Monday, November 3, 2008

How to Do Shadow Boxing Effectively

My MMA coach was away on holiday last week, so I met up with my Vancouver personal trainer friend Louis Sargeant (also a professional boxer and martial artist) a few times to keep my training up. We worked exclusively on my striking form and strategy. We did pad work mostly, but he also had me doing shadow boxing as part of my workouts.

Shadow boxing is more than just a warm-up drill, though it is an effective, sport-specific way of warming-up the muscles. It also helps you develop and apply your striking skills. If you shadow box in front of a mirror, you can watch your form and technique to ensure you're striking properly.

Shadow boxing without a mirror is just as important, if not more so. All the best fighters, practice visualizing their opponent when they do shadow boxing. They throw punches and kicks, imagining the reaction of an invisible opponent, then react accordingly themselves. The best shadow boxers look like they're actually fighting someone. Check out Fedor Emelianenko as he does a shadow boxing workout:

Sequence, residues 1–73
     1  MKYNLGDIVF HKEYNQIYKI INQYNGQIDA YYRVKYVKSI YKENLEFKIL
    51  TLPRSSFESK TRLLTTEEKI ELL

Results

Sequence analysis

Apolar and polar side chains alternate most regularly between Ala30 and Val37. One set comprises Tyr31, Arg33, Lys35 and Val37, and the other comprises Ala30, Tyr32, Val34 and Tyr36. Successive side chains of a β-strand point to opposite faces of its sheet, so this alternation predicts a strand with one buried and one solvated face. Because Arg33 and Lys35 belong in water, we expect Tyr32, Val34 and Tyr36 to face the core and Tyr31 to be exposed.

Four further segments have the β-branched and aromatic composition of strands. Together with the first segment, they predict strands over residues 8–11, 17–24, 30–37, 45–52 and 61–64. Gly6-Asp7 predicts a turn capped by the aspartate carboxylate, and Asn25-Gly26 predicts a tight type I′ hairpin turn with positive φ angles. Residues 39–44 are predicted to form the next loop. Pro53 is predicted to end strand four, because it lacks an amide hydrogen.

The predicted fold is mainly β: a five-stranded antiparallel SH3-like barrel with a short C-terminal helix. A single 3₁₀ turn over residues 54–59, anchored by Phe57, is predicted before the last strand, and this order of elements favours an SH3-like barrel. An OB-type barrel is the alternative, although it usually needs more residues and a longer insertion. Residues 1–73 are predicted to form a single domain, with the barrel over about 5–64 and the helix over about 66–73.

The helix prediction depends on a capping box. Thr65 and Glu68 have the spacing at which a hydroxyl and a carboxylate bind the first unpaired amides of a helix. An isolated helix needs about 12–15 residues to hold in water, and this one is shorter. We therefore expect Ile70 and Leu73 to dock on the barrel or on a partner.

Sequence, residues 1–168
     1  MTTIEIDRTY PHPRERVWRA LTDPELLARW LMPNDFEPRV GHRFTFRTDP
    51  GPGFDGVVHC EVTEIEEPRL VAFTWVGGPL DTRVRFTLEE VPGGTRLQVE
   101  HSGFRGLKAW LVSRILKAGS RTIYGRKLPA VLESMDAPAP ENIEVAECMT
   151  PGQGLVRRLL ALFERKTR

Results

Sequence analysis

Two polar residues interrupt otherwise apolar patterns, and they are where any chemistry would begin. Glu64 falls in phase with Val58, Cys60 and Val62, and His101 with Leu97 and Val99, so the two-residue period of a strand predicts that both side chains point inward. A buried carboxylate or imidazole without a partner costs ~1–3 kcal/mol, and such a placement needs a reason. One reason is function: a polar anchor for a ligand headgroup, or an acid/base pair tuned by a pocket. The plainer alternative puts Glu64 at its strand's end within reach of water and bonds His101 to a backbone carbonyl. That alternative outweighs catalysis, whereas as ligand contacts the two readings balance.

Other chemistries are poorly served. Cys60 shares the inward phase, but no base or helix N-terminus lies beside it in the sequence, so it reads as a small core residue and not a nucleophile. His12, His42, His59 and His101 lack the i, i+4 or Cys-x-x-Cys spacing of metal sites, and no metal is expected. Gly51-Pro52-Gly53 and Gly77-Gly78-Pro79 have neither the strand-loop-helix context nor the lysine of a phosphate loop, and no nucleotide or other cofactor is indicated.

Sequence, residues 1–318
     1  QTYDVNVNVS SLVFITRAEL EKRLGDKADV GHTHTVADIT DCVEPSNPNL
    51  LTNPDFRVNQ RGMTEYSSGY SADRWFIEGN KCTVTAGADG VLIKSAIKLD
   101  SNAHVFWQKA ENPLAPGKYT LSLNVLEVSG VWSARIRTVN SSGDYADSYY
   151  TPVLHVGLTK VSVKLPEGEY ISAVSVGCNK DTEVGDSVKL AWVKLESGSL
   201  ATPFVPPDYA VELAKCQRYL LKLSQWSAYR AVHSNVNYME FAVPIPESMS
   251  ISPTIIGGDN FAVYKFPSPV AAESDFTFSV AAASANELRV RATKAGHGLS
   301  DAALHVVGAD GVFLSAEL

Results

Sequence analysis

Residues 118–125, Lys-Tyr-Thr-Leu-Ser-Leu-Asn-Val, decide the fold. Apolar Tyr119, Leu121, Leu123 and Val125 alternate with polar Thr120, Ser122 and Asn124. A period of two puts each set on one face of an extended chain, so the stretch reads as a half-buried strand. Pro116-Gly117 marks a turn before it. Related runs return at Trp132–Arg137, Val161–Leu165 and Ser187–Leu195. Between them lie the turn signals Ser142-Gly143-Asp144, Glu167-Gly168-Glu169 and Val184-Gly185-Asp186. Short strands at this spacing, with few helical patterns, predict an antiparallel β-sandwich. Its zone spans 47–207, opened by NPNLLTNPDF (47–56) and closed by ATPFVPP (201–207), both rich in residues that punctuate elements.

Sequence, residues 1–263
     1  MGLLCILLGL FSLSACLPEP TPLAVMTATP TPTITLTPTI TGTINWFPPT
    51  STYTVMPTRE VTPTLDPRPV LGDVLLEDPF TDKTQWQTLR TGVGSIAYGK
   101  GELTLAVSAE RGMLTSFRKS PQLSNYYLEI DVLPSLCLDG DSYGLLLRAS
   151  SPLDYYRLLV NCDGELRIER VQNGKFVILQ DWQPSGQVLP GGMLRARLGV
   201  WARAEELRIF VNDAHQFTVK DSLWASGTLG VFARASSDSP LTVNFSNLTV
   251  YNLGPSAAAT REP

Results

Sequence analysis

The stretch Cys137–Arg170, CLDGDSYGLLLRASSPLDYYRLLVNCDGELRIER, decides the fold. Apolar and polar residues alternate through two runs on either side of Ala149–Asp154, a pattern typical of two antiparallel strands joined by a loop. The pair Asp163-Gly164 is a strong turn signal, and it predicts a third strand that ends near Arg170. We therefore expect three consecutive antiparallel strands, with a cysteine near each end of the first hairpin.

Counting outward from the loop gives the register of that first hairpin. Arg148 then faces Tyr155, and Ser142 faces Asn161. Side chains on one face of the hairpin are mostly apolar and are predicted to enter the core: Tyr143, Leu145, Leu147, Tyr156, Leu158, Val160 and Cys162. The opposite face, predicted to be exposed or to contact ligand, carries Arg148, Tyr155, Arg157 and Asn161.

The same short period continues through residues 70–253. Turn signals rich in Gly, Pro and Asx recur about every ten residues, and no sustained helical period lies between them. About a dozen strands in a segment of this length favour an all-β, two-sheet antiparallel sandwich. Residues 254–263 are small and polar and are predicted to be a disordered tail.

Louis tells me that he does a lot of shadow boxing when preparing for a fight. He loves doing it and often does it for as much as 30 minutes. He tells me that if he or my coach isn't available to hold pads for me, that's what I should be doing to practice. I'll definitely be taking that advice on board.

1 comment:

markstraining.com said...

Shadow Boxing is definitly something that every striker should do. helps warm up muscles, develop speed, body rotation on technqiues and can be a great cardio workout.
Shadow Fighting